As part of the celebration of St. Paul's first 100 years, the then parish historian Robert Payne Bigelow wrote a booklet entitled A Sketch of the History of St. Paul's Church in Brookline - 1849-1949. It divided the first 100 years of history into four periods:
- The Aristocratic Period
- The Clerical Period
- The Democratic Period
A few random items from the Sketch:
- 2012 will be the 100th anniversary of the St. Paul's yard sale
- 1912 no one will have more than one vote at the annual meeting (previously the number of votes was determined by the number of pews you owned)
- 1914 first appearance of ladies at the annual meeting
- 1917 one woman was appointed to the search committee for a new rector
The Organization period of this history follows to give a flavor of the entire document. The booklet includes pictures of leading figures during St. Paul's first 100 years. Attached below is a scan of the original pamphlet. To maintain the quality, the size of the file is quite large (13 MB), so either download it and view it locally or be patient when opening the file directly.
A Sketch of the History of St. Paul's Church in Brookline - 1849-1949
The history of St. Paul's Church in Brookline may be divided into four periods. The first one, the Period of Organization, began one hundred years ago. Then Brookline was changing from a rural to a suburban community. Access from Boston was no longer limited to one road from the Neck through Roxbury. The Mill Dam was becoming Beacon Street, with branches from Sewall's Point to Brighton and to Brookline Village. The branch railroad was opened through Brookline in 1848, and in 1851 the Sewall farm (Longwood) became accessible when Beacon Street, Brookline, was constructed and joined to the Mill Dam. Wealthy Boston merchants had for some time been moving into the country, and a number of them chose sites in Brookline whereon to build summer or permanent homes.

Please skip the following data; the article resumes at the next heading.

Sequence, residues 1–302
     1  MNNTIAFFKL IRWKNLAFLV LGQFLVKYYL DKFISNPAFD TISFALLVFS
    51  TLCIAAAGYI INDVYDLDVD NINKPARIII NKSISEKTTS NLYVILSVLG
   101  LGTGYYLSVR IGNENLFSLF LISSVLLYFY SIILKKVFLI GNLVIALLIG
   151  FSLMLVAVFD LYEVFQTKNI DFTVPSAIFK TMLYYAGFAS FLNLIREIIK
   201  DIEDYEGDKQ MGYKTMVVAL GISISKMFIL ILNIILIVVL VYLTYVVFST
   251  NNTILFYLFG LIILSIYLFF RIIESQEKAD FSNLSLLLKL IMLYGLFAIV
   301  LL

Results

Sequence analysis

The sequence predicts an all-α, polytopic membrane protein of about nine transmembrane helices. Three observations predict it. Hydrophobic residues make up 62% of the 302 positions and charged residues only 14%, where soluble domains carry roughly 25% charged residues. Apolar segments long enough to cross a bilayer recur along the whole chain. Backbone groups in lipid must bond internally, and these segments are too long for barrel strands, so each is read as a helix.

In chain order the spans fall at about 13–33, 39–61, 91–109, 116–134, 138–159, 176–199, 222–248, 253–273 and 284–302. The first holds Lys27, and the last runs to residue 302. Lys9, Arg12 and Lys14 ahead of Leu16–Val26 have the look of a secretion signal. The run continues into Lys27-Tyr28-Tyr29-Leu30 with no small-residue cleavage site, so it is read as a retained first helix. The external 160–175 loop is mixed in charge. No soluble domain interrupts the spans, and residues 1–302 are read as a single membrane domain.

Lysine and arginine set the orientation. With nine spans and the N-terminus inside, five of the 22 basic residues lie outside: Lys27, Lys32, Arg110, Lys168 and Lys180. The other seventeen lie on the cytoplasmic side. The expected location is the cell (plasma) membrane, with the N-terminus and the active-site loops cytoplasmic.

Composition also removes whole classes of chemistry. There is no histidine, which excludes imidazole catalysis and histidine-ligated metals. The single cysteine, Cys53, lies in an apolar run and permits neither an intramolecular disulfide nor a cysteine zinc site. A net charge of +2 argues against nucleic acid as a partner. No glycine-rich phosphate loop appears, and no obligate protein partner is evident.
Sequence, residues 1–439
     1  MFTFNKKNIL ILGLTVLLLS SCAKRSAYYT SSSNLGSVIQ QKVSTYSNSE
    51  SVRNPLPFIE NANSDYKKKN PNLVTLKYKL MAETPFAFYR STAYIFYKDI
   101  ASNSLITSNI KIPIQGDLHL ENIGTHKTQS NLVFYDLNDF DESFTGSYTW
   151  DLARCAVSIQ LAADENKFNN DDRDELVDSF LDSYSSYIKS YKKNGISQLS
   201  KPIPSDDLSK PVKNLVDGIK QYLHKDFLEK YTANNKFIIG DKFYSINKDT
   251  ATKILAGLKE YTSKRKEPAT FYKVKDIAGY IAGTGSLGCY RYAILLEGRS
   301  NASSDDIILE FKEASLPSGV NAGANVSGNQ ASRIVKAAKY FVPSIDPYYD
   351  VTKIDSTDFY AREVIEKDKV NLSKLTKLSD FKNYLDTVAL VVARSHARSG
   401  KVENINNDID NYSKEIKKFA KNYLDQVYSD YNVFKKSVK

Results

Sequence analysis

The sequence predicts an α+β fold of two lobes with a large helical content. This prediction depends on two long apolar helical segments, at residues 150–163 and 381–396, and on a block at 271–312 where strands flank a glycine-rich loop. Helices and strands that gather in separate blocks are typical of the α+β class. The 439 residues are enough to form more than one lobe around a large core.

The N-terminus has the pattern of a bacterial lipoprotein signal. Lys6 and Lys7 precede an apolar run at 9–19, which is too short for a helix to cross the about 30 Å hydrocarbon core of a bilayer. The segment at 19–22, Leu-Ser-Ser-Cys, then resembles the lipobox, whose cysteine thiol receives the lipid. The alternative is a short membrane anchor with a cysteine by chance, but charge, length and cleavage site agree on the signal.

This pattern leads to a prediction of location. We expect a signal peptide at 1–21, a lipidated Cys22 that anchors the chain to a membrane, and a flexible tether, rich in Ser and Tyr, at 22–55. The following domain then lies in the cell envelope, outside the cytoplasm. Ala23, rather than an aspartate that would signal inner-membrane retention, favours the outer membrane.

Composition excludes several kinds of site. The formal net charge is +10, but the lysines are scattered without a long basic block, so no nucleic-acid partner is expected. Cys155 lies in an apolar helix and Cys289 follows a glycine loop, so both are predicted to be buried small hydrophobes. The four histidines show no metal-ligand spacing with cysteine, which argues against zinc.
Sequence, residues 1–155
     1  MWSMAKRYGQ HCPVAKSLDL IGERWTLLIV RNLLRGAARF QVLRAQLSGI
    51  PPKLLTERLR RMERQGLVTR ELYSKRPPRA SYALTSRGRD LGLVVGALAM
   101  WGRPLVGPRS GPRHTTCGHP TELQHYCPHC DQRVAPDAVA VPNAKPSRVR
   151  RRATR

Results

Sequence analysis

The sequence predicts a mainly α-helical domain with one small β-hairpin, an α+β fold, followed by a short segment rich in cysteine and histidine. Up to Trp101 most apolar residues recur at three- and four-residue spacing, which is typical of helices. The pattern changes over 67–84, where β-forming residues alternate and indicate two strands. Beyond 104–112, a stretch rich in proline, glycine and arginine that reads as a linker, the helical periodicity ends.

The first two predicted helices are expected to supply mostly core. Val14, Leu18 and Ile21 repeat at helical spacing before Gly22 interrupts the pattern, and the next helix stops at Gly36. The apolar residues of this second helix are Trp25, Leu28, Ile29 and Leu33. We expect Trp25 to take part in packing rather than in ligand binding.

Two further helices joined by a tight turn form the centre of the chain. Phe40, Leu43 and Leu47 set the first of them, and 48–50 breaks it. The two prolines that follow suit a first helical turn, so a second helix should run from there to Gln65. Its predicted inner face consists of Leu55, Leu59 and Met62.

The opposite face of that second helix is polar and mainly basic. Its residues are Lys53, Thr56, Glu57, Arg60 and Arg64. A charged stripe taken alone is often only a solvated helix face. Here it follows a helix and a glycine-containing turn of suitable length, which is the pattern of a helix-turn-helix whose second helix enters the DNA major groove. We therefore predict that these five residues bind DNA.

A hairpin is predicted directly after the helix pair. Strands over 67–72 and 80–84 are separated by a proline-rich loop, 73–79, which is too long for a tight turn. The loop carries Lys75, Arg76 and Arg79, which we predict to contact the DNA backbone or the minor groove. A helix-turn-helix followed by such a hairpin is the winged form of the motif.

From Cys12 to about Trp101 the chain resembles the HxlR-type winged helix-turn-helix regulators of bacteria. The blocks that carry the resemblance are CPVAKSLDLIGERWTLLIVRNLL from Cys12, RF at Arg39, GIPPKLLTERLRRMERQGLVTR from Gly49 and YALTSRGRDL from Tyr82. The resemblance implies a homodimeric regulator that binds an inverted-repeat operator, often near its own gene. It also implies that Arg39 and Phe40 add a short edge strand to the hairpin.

It was the year 1848 when the first steps were taken to create an Episcopal parish in this Town. There were three churches here-the First Parish Meeting House at the geographical center, the Baptist Church at the corner of Harvard and Washington Streets, the Harvard Church at Washingtonand School Streets-but no Episcopal church "this side of St. James in the Highlands of Roxbury," except a "weak parish" in Jamaica Plain. On March 8, 1848, at 9 State Street, Boston, in the law office of William Aspinwall were his uncle, Augustus Aspinwall, and Mr. Harrison Fay. Mr. Aspinwall would give land, Mr. Fay $2,000. William Aspinwall would raise subscriptions, and each one would "inquire what persons might be disposed to organize an Episcopal congregation and build a church."
Their efforts brought together a remarkable group of men-socially prominent, leaders in professional or business life, with high integrity, and a rare sense of stewardship in the use of wealth. Men of religion, they prayed and read their Bibles, led family prayers at home, went to church regularly, and took their families with them.
By June, 1849, so many had become interested that it was proposed to hold services in the Town Hall (built in 1845). A piano was hired and Rev. Thomas M. Clark (later Bishop of Rhode Island) officiated during July, Rev. George H. Clark through August and Rev. William Horton in September
On October third at a meeting in the Town Hall, with Benjamin Howard in the chair, "the name of St. Paul's Church in Brookline was adopted as the name of the Protestant Episcopal Church in Brookline." Augustus Aspinwall and Harrison Fay were elected Wardens; Benjamin Howard, Eliakim Littell, James Potter, John Clarke, and William Aspinwall, Vestrymen; and Rev. William Horton was chosen Rector